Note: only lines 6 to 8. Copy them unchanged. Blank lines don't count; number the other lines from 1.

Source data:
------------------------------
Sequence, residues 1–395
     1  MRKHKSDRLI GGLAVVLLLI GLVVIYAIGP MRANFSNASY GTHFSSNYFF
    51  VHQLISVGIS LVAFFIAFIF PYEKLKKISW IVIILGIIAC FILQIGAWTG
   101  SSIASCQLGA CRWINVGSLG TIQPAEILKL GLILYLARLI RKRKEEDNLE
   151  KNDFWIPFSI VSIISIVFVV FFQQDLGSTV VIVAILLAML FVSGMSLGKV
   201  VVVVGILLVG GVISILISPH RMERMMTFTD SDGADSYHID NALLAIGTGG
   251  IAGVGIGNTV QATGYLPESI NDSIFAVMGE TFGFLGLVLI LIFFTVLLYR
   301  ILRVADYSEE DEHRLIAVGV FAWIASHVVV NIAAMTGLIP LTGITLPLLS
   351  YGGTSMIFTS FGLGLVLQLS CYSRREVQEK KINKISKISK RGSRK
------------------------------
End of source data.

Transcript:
   201  VVVVGILLVG GVISILISPH RMERMMTFTD SDGADSYHID NALLAIGTGG
   251  IAGVGIGNTV QATGYLPESI NDSIFAVMGE TFGFLGLVLI LIFFTVLLYR
   301  ILRVADYSEE DEHRLIAVGV FAWIASHVVV NIAAMTGLIP LTGITLPLLS